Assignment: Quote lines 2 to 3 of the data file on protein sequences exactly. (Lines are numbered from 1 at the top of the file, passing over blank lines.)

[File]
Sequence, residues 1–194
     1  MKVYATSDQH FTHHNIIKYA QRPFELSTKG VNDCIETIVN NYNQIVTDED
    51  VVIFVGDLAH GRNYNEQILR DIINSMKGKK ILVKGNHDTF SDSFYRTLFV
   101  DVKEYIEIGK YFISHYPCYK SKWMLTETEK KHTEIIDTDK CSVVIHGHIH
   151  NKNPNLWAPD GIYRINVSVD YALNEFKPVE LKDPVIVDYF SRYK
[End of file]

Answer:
     1  MKVYATSDQH FTHHNIIKYA QRPFELSTKG VNDCIETIVN NYNQIVTDED
    51  VVIFVGDLAH GRNYNEQILR DIINSMKGKK ILVKGNHDTF SDSFYRTLFV